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If you need further help setting your homepage, check your browser’s Help menu 2018 Guide to Drones in Law Enforcement The acting commissioner announced several new initiatives to address internal corruption, including the polygraphing of officers working in some units By Kevin Rector
The Baltimore Sun BALTIMORE — Baltimore’s acting police commissioner on Friday announced several new initiatives to address internal corruption — including the polygraphing of officers working in some units — even as he abruptly pulled back his appointment of a deputy commissioner. Acting Commissioner Darryl De Sousa said he put on hold his appointment Thursday of Thomas Cassella as deputy commissioner of operations — a key position overseeing the day-to-day work of thousands of officers — after becoming aware of an internal document that was addressed to him weeks ago but leaked Thursday. The document describes complaints made against Cassella a decade ago, including one accusing him of creating a hostile work environment. Further confusion followed with the reversal of another reported personnel decision to transfer 14 officers, including Sgt. Alicia White, an officer charged in the Freddie Gray case, to the department’s Internal Affairs section. Officials said a department-wide email announcing the change was sent in De Sousa’s name without authorization. Baltimore police introducing tests to weed out corruption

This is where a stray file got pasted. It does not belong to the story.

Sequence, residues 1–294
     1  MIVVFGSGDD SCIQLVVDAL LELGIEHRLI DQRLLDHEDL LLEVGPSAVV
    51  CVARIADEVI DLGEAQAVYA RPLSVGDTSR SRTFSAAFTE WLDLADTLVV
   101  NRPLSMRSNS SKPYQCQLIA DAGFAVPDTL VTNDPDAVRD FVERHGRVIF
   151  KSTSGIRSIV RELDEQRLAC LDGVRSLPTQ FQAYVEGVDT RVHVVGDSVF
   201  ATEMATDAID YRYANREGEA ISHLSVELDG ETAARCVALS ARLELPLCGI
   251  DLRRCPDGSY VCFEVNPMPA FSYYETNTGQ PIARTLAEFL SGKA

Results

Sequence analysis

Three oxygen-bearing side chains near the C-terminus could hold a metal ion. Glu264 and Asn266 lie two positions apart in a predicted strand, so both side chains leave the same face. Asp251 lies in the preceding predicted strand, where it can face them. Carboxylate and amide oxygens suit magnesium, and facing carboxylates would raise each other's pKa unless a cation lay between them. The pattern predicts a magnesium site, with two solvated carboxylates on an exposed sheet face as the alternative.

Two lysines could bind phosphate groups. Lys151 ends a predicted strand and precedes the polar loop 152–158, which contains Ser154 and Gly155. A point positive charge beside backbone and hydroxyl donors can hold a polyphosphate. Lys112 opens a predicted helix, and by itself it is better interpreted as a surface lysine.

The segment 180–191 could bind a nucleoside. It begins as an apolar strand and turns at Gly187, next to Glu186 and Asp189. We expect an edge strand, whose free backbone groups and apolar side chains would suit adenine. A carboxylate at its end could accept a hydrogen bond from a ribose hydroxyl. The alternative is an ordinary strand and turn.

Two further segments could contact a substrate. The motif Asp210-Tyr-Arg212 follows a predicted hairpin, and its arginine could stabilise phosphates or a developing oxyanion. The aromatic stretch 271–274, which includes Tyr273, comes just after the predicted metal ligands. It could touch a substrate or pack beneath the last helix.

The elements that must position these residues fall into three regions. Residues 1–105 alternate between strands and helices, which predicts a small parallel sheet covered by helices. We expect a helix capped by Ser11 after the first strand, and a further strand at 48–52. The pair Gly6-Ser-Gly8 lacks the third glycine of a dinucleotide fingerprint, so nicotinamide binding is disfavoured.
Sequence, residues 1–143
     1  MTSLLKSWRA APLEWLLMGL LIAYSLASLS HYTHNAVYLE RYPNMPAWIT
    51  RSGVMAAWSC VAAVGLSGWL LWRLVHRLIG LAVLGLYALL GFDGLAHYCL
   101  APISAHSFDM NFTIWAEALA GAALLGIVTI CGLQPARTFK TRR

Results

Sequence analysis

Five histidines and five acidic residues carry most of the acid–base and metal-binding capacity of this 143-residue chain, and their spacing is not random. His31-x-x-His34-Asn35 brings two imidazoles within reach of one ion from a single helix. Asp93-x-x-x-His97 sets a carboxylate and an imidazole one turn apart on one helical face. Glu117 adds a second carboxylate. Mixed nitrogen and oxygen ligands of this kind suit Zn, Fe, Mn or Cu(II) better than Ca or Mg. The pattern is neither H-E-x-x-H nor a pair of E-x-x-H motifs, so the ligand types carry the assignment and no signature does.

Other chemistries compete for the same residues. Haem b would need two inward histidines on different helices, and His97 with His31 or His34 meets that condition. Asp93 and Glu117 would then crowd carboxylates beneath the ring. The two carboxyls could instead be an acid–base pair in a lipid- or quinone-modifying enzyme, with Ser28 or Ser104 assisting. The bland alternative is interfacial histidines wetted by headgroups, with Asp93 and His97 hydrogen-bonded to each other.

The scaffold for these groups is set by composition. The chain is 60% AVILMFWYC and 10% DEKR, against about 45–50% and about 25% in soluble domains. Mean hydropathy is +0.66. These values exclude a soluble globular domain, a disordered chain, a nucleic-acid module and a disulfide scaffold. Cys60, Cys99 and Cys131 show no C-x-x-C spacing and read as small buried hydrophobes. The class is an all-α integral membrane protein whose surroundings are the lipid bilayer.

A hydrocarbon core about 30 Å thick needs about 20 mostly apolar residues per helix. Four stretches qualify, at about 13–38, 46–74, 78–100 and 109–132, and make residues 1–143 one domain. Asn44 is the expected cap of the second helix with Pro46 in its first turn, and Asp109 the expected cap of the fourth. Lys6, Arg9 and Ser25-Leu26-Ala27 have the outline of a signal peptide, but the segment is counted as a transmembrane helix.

thumbnail courtesy of policeone.com

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